Blast From the Past: 1867 Dreyse Carbine

    I recently had a chance to take some photos of a truly ground-breaking assault weapon. The Dreyse “Zündnadelgewehr” or needle-gun was at first derided as a mere novelty. Then, during the Austro-Prussian War of 1866, Prussian soldiers using Dreyse rifles were able to fire five shots from the prone in the same time it took  Austrian soldiers to fire once and reload, while standing.  The Prussians demolished their enemies and began the march towards a unified Germany. The era of rapid fire, breech-loading guns that could be fired rain or shine had arrived. The era of muzzle-loaders was ending.


    The “needle gun” is so named because it’s bolt contains a long firing-pin like needle, which travels forward more than half an inch upon firing. The needle penetrates the rear of the paper cartridge and hits a percussion cap located behind the bullet. Repeated firing would degrade the quality of the needle’s tip quickly, so units armed with the Dreyse were issued with two spare needles per man. This was the very first bolt action rifle, period.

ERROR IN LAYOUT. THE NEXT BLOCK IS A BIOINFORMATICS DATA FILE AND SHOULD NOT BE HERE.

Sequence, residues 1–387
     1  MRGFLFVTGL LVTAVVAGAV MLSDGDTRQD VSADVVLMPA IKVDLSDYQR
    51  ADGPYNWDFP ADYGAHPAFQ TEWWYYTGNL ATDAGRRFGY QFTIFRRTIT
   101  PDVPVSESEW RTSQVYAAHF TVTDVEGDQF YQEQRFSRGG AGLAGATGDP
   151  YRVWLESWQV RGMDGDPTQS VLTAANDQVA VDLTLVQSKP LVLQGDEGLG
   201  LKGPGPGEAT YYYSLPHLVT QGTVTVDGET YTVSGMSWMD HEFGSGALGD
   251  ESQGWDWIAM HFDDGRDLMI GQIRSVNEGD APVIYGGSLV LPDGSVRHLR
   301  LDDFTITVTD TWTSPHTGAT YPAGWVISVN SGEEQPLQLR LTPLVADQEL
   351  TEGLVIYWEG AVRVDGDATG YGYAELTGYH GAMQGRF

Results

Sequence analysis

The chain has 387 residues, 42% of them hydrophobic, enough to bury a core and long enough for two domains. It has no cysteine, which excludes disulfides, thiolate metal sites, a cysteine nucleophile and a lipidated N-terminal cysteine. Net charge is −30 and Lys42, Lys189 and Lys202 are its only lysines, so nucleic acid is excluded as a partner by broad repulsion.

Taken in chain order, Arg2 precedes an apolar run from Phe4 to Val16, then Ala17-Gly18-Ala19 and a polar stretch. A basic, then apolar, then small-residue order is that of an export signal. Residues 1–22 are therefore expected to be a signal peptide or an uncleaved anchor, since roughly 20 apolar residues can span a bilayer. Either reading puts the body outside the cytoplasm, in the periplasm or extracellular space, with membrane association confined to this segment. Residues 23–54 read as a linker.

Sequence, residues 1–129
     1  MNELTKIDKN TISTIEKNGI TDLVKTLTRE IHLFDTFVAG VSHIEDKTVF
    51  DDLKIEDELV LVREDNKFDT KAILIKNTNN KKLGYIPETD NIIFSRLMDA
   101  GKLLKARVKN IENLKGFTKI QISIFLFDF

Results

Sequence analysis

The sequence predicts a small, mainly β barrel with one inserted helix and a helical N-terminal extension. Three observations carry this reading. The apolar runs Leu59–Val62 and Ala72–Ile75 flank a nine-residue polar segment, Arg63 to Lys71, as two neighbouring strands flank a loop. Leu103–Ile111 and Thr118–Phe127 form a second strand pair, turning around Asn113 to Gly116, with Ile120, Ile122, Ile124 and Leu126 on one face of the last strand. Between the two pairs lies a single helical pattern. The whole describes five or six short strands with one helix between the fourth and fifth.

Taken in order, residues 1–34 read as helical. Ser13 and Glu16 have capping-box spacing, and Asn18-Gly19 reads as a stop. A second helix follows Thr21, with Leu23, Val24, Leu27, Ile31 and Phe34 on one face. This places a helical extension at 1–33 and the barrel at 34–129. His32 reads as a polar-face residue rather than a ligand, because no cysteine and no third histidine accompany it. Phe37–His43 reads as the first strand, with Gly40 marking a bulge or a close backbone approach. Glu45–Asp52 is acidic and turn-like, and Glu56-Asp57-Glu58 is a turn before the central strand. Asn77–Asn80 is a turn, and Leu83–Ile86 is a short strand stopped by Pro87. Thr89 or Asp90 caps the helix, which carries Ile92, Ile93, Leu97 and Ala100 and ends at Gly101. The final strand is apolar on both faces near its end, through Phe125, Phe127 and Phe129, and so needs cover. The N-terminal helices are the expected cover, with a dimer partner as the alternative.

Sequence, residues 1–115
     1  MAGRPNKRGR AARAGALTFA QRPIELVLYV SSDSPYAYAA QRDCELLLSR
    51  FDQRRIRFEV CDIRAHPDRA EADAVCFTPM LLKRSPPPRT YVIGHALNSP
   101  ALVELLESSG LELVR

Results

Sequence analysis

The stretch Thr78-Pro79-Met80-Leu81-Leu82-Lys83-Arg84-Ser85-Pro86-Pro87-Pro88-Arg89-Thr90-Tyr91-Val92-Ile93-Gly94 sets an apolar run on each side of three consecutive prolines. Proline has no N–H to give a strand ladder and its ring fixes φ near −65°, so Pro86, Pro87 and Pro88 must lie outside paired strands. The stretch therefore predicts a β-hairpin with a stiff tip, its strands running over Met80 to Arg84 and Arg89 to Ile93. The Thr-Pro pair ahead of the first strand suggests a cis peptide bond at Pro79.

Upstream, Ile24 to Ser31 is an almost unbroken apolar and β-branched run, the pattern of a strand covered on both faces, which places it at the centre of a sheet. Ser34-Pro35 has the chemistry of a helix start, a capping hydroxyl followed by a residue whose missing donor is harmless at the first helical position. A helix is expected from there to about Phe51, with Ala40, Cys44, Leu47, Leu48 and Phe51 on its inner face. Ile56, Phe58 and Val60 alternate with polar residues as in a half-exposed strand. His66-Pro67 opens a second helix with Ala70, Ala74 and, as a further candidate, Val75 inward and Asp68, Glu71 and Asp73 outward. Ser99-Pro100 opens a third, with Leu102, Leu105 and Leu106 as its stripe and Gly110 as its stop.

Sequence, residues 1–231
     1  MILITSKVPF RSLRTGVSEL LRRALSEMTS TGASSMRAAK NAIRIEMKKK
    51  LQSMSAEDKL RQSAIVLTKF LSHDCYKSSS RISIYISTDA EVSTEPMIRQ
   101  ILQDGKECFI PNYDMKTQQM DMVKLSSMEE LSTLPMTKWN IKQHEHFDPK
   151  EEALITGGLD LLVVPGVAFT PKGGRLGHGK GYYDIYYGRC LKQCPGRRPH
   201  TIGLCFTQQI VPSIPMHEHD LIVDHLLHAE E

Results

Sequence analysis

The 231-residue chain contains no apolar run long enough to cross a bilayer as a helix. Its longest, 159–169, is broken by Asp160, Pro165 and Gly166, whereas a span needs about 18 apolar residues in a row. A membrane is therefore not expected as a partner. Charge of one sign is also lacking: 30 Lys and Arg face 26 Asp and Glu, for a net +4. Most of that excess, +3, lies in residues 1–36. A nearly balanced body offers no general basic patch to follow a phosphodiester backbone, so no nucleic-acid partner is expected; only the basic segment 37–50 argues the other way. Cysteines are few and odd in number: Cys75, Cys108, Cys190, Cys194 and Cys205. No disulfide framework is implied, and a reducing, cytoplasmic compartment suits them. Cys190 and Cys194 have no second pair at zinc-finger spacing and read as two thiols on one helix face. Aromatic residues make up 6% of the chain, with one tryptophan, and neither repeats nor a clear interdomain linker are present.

This example is a beautiful 1867 carbine, issued to cavalry troops. Its barrel is rifled nicely and it even has an adjustable rear sight. The barrel is inscribed with “Stahl”, denoting that it is made of steel, as previous versions had iron barrels. The Dreyse would foul itself very quickly to the point where the bolt could not be closed properly, but this was hardly a problem for the cavalry, who were expected to fire just a few shots before drawing their sabers and charging through the broken enemy lines with cold steel in hand.

    In terms of pure size and weight I was struck by the similarity between the Dreyse carbine and modern carbines. 150 years later, we are still trying to shoot straighter and faster than the other guy.